A list serve was established through Cornell University to allow the group to continue their dialogue and progress toward target 1. To date, we have 117 members on the list serve which is composed of farmers, processors, researchers, and others interested in beach plum.
Outreach and Consumer Education
We have continued to maintain and expand our project’s web site (www.beachplum.cornell.edu). It contains our reports, media articles, a photo gallery, meeting announcements, and a grower’s guide. It receives approximately 400 hits per month. In February 2004 this site will be expanded to develop the Beach Plum Consortium (target 1). The main focus of the expansion will be to provide a linkage of beach plum to processors, chefs and other consumers.
In our attempt to expand markets (target 2) in early May 2003, 5225 plants were distributed to participants. Of these, 2315 plants went to 22 farms in the Northeast U.S. and 1 in Kansas. The remainder of the plants went to conservation plantings, home-based production, and to research institutions with programs aimed at germplasm selection. As the result of our efforts 38 farms have diversified to include beach plum fruit production.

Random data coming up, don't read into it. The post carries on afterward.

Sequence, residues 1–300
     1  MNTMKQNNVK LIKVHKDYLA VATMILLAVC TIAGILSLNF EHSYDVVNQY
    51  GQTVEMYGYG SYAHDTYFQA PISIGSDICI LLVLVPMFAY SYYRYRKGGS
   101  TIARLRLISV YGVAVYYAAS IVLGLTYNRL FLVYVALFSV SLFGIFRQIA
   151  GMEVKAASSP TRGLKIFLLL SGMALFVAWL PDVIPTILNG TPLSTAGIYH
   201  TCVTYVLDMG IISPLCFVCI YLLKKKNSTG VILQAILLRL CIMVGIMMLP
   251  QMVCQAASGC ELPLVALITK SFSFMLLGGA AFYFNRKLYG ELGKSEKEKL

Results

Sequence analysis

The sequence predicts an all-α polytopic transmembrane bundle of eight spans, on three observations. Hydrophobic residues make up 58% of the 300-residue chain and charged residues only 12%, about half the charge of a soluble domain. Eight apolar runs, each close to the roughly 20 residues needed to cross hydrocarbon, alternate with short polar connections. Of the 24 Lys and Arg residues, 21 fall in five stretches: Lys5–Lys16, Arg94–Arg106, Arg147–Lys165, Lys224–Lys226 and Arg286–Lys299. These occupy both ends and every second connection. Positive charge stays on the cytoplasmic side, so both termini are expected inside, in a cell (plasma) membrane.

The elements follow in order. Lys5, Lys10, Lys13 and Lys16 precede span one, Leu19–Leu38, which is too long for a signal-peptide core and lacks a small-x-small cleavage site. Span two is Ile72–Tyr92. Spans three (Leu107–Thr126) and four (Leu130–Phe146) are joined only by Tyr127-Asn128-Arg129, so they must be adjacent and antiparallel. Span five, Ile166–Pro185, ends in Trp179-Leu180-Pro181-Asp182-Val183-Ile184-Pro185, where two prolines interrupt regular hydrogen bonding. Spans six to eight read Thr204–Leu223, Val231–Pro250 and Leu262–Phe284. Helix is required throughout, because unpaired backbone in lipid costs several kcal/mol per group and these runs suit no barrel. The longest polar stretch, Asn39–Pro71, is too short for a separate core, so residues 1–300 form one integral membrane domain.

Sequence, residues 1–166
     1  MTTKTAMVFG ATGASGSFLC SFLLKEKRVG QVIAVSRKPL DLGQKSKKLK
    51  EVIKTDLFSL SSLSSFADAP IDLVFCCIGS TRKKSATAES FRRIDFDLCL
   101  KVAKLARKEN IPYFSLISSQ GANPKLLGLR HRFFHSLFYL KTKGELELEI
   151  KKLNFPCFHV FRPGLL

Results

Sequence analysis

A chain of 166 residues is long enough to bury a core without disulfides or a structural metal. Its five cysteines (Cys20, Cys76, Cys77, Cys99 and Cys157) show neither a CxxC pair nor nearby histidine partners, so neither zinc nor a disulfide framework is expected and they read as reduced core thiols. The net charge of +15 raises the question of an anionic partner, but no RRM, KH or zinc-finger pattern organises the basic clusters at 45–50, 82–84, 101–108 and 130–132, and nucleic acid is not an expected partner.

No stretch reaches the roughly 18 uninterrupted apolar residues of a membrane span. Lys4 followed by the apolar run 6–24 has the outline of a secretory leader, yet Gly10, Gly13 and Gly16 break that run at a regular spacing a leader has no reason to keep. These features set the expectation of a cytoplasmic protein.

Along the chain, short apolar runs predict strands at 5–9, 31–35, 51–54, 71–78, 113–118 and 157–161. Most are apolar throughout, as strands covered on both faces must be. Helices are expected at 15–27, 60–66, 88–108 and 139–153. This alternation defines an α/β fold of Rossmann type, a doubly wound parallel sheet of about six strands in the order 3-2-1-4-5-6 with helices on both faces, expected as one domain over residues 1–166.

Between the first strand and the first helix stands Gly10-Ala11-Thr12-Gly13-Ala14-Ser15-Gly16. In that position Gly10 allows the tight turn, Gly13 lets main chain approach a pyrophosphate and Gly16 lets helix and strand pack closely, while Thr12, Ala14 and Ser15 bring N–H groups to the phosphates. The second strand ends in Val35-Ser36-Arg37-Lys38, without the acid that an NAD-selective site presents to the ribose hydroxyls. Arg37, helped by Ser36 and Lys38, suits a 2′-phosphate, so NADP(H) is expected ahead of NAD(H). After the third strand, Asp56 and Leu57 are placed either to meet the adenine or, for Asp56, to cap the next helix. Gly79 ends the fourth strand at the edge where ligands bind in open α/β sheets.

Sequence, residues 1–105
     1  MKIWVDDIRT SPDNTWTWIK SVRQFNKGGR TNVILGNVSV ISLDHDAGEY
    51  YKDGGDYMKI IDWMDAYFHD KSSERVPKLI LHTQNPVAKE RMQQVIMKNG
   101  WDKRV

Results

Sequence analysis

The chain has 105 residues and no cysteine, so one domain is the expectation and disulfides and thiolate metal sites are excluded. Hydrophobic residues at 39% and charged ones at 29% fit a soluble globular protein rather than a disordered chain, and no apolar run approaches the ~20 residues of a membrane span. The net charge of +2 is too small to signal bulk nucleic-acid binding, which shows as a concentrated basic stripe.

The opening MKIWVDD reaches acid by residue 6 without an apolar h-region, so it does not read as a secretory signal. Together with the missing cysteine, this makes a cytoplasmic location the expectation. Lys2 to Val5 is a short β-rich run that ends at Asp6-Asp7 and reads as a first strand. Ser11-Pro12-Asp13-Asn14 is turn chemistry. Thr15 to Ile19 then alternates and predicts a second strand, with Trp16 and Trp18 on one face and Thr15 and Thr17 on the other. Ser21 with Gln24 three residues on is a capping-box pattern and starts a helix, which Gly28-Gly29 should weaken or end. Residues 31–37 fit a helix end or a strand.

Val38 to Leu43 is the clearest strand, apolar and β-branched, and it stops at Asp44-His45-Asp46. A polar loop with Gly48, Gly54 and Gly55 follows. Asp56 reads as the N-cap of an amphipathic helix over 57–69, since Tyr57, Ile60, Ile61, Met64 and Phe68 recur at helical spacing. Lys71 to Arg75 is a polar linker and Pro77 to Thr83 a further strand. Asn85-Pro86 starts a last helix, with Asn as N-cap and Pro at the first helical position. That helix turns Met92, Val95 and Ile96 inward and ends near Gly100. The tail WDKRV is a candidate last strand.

Several farms that received plants were visited in the summer of 2003 and a production bulletin critiquing their efforts was distributed through our beach plum list serve. These new beach plum growers will share their experiences with others at our Production and Marketing Meeting on January 20, 2004 in a panel discussion.
Market Research and Development